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EDITORIAL: Upholding democratic norms

BEA DOTTIN, [email protected]

EDITORIAL: Upholding democratic norms

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Holding constitutionally due elections – or even snap polls within a five-year term – has evolved as virtually an institutionalised pattern of multi-party democratic governance within the Caribbean Community (CARICOM).
In addition, following the political aberration that was Guyana’s for a pretty long period, it is now the norm for national elections in CARICOM states to be independently supervised by invited regional and international observers.
Consequently, Guyana, which will hold new parliamentary and presidential elections on November 28 has already extended the official invitations.
This will also be the case when Jamaica holds an expected snap national poll early next year.
In this region’s post-independence history, increasing attention has been paid to the role of the media – private and state-owned – to ensure fair and balanced coverage for elections and to steer away from reporting and commentary that could inflame passions and result in unlawful behaviour, as occurred in some elections in, for instance, Jamaica and Guyana.
In Guyana, it has also become the pattern, following the restoration of internationally supervised free and fair elections in October 1992, for media to sign a Code of Conduct that could help in avoiding conflicts and enhance coverage consistent with established ethical norms of the journalism profession.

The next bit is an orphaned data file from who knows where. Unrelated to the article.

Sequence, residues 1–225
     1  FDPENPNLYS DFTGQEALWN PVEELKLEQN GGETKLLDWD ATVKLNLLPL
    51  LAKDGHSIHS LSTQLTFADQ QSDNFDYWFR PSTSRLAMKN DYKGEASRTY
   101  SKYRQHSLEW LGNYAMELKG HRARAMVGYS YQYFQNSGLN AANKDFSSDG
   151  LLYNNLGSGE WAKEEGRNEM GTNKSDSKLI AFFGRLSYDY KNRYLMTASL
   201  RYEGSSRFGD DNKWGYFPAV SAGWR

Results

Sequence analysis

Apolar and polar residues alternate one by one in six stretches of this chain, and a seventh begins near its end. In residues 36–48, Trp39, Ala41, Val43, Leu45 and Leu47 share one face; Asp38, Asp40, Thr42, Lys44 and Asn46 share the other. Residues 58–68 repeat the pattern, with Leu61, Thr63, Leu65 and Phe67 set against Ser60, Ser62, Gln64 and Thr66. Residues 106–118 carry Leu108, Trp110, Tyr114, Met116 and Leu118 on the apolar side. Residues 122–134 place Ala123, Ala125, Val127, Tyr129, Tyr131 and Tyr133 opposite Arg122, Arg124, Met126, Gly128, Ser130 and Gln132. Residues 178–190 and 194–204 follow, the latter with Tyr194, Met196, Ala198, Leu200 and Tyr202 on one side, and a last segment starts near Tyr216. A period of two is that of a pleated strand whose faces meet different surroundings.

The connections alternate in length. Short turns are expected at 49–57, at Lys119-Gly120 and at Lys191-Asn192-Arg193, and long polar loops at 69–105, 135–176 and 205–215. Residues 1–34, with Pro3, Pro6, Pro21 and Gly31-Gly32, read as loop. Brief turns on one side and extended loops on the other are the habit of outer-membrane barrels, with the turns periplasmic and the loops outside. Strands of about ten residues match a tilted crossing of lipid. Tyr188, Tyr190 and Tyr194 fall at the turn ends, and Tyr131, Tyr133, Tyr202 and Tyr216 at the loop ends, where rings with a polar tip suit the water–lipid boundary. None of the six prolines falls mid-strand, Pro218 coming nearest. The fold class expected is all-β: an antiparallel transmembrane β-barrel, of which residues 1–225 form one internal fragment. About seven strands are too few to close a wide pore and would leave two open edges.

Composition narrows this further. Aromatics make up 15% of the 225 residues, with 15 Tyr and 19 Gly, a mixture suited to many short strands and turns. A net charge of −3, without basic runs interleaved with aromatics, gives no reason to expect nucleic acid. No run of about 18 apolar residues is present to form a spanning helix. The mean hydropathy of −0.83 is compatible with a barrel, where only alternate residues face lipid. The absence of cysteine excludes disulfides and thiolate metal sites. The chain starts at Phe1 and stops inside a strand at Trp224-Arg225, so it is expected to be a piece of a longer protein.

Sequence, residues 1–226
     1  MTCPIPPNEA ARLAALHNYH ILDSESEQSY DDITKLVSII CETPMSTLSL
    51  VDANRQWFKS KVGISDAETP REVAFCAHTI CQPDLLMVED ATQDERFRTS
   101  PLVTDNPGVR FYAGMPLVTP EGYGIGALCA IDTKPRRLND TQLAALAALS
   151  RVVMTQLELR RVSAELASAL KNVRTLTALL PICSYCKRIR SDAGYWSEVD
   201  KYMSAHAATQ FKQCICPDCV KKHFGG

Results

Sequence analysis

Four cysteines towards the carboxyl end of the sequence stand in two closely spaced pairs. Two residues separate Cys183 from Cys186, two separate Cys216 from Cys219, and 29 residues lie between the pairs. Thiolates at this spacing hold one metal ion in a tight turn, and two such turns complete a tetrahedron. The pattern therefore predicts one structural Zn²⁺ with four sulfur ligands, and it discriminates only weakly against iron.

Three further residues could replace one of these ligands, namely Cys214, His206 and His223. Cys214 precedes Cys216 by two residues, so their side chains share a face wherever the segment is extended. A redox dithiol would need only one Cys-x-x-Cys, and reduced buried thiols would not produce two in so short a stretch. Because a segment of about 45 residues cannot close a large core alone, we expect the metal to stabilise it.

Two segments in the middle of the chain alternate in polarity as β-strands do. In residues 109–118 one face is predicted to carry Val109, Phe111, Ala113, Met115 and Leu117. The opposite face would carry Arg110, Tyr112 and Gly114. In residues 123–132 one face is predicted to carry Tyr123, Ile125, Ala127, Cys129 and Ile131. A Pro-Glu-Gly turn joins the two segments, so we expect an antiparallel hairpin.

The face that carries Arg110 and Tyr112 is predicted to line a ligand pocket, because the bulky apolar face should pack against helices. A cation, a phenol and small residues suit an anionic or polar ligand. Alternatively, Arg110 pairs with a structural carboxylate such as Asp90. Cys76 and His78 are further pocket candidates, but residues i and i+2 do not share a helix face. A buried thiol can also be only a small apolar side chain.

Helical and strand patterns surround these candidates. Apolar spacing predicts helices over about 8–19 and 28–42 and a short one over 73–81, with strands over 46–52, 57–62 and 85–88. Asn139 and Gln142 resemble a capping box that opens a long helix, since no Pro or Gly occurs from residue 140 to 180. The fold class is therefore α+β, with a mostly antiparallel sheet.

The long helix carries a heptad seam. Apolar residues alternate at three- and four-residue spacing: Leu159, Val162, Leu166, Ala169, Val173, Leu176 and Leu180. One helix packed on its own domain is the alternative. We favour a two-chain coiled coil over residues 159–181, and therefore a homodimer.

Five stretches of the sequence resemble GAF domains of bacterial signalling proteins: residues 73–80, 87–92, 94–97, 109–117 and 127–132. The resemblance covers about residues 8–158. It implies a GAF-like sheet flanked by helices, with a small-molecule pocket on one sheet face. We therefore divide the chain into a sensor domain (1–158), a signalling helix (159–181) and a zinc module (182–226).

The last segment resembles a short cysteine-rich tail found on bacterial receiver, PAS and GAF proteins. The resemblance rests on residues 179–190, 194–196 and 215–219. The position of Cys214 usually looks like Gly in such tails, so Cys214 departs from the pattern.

It is in the context of the responsible role expected of the media in Guyana for the next elections that we regard as a mature decision by President Bharrat Jagdeo to withdraw the recently instituted four-month suspension of the broadcast licence of the privately-owned CNS TV6 to take effect instead from December 1 – two days after the poll.
The suspension, which had resulted from allegedly defamatory statements broadcast last May 4 against then chairman of Guyana’s Ethnic Relations Commission (ERC), Bishop Juan Edghill, that prompted him to institute legal proceedings, was deemed to be a “gross violation” of the terms of the broadcasting licence. It also followed a recommendation by the Advisory Committee on Broadcasting (ACB).
However, in the face of protests by civic society groups and the political opposition, Jagdeo said the action by the government could not now be correctly viewed as having to do with the elections.
It is, of course, difficult to avoid such a linkage. Yet, Jagdeo’s decision does reflect political maturity and respect for divergent opinions in a multi-party democracy.